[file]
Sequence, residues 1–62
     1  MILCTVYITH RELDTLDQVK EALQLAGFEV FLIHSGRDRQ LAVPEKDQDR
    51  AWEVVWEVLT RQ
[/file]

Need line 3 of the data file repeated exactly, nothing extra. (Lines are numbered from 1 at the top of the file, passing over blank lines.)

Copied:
    51  AWEVVWEVLT RQ